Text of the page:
Jesse Bloom is fascinated by evolution.
Think how amazing it is, he says, that in nature, small, random genetic changes can add up to something new and wonderful – a stark contrast to the world of things. “If you make random mutations to your car with a baseball bat, you’re probably not going to improve the car very much,” he says. “So what is it about biology that allows living things to be so good at evolving?”
Bloom is tackling this question by helping to pioneer new approaches for studying evolution. He’s combining biology with computational wizardry. “Traditionally, evolutionary biology has been an observational science,” he explains. Researchers looked back on the creation of new species, like Darwin’s finches, or bold new innovations, like the ability to fly, then searched for the genetic steps that paved the way.
But thanks in part to Bloom, scientists don’t have to wait for nature to do its work. “Now we can do large-scale experiments in the lab that can help to explain evolution,” Bloom says. In his own lab, he’s making tens of thousands of mutations in flu viruses to see what effect they have. At the same time, he’s also charting genetic changes that appear in nature. Bloom’s goal is to discern patterns in evolution and use his mathematical modeling skills to predict what’s coming – offering a major public health advance.
His work is paying off. In one recent discovery, Bloom and his collaborators uncovered how the flu virus managed to develop resistance to the drug Tamiflu. One key mutation prevents the drug from attacking flu viruses. But that genetic change, by itself, is actually lethal to the virus because it causes the virus to break apart, Bloom discovered. Several other genetic alterations shore up the virus, letting it survive the drug-blocking mutation.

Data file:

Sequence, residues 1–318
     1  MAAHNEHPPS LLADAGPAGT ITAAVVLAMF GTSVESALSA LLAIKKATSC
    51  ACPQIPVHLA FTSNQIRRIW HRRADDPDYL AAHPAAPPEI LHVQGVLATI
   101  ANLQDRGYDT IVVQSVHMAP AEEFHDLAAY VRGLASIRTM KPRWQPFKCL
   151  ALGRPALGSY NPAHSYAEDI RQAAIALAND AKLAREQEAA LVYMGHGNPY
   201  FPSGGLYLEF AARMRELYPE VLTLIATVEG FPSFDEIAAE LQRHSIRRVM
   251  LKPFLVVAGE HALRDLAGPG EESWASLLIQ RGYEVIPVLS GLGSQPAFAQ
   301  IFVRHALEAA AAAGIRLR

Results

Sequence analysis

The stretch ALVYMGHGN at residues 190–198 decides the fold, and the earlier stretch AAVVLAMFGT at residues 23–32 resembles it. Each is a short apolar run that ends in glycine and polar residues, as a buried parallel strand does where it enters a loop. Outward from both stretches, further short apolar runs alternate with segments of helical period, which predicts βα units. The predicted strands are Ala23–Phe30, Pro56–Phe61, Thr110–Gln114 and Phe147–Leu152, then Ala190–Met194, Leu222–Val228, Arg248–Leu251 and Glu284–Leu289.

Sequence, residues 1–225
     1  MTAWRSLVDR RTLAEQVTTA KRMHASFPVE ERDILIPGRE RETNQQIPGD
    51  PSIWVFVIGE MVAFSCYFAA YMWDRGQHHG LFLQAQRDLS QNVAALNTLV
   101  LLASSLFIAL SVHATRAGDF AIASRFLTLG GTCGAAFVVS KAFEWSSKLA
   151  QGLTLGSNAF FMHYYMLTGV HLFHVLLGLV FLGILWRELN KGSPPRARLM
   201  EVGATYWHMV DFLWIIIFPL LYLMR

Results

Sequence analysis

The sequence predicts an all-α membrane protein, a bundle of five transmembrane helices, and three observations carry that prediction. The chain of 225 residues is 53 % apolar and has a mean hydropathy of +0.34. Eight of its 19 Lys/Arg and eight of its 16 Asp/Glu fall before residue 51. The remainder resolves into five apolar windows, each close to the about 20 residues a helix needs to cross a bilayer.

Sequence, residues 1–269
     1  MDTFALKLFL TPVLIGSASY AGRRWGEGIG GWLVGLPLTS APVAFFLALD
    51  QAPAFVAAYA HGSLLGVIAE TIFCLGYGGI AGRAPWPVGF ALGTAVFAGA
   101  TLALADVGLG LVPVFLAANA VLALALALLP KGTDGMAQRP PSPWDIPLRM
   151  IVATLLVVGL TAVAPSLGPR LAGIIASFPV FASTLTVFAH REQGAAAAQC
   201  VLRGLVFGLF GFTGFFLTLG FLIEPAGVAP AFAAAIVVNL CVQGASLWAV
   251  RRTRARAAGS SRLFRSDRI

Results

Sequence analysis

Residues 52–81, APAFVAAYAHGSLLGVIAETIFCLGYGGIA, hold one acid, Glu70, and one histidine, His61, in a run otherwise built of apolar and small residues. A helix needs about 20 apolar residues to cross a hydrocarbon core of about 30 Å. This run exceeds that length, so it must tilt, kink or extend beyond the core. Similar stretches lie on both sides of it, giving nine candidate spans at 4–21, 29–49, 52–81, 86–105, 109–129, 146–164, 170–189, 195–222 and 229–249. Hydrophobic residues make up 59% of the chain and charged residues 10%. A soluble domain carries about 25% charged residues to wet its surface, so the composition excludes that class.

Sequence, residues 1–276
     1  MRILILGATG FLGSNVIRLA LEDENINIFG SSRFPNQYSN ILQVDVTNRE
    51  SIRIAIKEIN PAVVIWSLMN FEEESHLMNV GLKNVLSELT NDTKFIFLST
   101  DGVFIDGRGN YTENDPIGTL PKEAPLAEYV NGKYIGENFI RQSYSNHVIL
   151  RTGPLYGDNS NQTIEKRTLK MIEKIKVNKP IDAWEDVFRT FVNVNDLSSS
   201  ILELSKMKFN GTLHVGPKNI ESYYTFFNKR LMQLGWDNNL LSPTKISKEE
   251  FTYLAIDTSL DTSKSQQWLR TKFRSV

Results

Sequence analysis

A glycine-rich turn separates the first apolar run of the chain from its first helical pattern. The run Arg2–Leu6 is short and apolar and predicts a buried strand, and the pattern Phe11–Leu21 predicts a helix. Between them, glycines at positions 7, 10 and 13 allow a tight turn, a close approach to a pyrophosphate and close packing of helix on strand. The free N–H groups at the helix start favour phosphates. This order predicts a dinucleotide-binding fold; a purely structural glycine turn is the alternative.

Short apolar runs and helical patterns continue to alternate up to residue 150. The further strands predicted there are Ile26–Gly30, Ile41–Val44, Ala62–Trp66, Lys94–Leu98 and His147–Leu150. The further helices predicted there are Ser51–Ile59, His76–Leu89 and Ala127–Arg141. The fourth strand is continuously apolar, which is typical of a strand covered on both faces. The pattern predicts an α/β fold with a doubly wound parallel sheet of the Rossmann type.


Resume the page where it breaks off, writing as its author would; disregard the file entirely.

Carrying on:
Another mystery has been the sequence of genetic steps that flu viruses take as they evolve from year to year. Bloom tackled this question by analyzing genetic changes in viruses in immunocompromised patients, whose flu infections often last for months. Not only do these viruses mutate rapidly, he found, but the changes surprisingly parallel what happens to viruses out in the world.
The similarity suggests that, with clever mathematical sleuthing, scientists can get better at guessing what new strains humanity will face in coming years. “I don’t think we will ever be able to completely forecast the future, but it will be interesting to see how good we can get,” says Bloom.
He is uniquely suited to the task. Growing up in Hamilton, Montana, Bloom loved all types of science, including biology, physics, chemistry, math, and computer programming. The problem was picking just one. Fortunately, at the time, biologists were beginning to explore the power of computers, so Bloom was able to combine his quantitative bent with his fascination for evolution.
After studying protein folding as a University of Chicago undergraduate, Bloom wanted to do something more mathematical, such as using his modeling expertise to predict proteins’ shapes from their sequence. That turned out to be fiendishly difficult, “so I thought maybe I can study how they evolved,” he says. That led him to the California Institute of Technology as a PhD student and postdoc, working to harness evolution to engineer new and useful enzymes. There, “I learned I was more of a curiosity-driven biologist than a problem-solving engineer,” he says.
Now, that curiosity – backed up by rigorous computation – may finally bring answers to some of the great questions of evolution.